McCullough's book follows the bridge's building from the suspension-bridge-builder John Augustus Roebling's efforts to sell the concept of bridging the East River and the start of construction in 1869 just four years after the end of the Civil War, to its completion in 1883. With a main span of 1,595.5 feet (486.3 m) and a height of 276.5 ft (84.3 m) above mean high water, it was the world's first steel-wire suspension bridge. It originally carried horse-drawn vehicles and elevated railway lines. This is an epic story about the problems they encountered and solved -- steel cables long enough and strong enough, laborers afflicted with the bends, political conflicts between the then separate cities of Brooklyn and Manhattan (New York City), and the ever present problems of financing any public project of any size faces.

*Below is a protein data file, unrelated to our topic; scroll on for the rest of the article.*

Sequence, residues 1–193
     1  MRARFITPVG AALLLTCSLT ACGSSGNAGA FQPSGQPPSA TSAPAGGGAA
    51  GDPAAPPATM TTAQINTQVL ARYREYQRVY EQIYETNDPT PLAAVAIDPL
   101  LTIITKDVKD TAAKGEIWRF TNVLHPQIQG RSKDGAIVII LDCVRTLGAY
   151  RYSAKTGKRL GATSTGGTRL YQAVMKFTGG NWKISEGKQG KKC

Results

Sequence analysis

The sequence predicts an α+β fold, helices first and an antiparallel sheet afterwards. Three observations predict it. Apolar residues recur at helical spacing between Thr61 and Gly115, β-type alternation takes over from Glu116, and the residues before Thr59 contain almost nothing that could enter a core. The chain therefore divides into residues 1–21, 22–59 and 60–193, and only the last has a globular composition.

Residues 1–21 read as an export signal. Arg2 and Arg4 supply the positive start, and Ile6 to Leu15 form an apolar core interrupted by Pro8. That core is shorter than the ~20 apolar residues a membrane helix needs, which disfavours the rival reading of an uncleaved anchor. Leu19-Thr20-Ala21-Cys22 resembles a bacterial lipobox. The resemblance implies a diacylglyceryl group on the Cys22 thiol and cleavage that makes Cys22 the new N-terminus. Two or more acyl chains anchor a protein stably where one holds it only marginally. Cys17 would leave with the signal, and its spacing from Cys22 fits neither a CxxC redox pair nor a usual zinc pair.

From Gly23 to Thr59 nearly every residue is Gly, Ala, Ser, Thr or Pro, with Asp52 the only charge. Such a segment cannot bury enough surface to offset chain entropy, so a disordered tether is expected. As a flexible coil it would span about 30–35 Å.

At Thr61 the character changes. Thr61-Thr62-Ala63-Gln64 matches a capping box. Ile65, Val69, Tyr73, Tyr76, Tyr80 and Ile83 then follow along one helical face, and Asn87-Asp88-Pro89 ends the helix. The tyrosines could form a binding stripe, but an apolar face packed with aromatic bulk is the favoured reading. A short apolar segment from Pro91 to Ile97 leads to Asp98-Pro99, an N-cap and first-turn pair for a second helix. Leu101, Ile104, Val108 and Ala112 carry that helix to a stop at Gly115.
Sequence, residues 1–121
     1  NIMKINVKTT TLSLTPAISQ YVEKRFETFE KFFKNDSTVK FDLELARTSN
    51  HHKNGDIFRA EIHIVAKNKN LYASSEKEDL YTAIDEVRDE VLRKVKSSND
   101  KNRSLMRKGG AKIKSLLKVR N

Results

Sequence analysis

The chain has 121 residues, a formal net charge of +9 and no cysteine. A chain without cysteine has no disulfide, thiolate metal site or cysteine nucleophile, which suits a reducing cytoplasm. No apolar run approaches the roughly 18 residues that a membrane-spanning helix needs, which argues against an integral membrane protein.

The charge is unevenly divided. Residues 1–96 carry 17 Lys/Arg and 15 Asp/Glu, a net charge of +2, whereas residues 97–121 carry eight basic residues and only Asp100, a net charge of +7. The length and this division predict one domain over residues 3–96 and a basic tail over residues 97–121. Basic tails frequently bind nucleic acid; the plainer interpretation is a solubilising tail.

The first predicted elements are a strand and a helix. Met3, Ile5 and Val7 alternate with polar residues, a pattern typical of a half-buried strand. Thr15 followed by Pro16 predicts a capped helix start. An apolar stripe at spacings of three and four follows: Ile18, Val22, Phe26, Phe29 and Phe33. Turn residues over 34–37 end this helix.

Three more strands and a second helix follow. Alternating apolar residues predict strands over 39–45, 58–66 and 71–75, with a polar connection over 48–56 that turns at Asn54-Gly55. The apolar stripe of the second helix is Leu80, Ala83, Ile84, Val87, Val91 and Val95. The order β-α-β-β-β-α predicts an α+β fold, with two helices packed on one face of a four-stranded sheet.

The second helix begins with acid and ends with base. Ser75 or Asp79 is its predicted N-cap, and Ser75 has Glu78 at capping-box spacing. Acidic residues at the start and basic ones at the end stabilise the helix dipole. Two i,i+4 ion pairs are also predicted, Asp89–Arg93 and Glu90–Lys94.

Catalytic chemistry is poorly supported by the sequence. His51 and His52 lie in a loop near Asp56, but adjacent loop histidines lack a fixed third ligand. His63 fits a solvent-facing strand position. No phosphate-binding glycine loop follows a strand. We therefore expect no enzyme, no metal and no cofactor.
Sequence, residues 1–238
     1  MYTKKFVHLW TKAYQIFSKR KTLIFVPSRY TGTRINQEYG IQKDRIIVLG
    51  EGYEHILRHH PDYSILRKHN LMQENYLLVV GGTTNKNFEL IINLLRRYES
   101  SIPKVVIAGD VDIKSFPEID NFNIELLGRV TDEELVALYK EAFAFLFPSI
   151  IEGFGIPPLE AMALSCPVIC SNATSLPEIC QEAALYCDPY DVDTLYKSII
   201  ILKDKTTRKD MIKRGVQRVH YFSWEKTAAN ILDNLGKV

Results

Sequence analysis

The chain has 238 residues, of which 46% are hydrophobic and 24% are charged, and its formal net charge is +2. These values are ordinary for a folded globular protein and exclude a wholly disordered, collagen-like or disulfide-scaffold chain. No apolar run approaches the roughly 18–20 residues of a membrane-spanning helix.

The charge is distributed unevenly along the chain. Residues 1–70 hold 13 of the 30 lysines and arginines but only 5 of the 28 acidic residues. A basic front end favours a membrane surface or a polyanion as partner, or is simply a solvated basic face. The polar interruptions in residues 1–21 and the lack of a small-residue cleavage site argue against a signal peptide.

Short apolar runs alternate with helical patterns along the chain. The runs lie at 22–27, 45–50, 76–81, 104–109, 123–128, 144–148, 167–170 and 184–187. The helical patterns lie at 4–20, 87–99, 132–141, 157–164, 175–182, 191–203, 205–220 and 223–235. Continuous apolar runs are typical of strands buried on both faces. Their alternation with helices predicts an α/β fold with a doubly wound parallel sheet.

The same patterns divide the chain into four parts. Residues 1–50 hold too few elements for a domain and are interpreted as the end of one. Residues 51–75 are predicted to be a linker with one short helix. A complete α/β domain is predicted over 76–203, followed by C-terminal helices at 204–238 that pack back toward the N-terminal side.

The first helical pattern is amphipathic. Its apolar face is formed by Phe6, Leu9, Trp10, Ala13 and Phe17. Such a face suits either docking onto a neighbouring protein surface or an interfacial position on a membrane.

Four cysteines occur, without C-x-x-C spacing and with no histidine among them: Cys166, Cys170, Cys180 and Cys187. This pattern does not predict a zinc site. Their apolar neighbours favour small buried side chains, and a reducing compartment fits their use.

It was a good year for nonfiction. September found me at the Jaipur Literature Festival in Boulder. JLF, a wealth of writers of every form, from all over the world -- an editor of the Oxford English Dictionary, a Nobel nominee playwright, poets, novelists, journalists, historians, and much more. And they sell books. "Oh, no, don't throw me into that briar patch!"
I met Wade Davis, Explorer in Residence at the National Geographic Society. I bought his River Notes: A Natural and Human History of the Colorado and read it. Since I've moved to Colorado, I've become hyperaware of the importance of water in the Western United States, the Colorado being the major source of water for seven southwestern states so it was perfect. It's very well-done, as dense with information and as engaging as are his lectures.
Astrophysicist Priyamvada Natarajan, Yale professor of astronomy and physics was there. She writes science so people like me can understand. Her Mapping the Heavens follows astronomy/cosmology from myth to string theory. Brilliant!
And then ... I went to Houston in October and heard Barbara Kingsolver read. So of course I bought two more of her books, her most recent Unsheltered for a friend and Flight Behavior from 2012 for myself.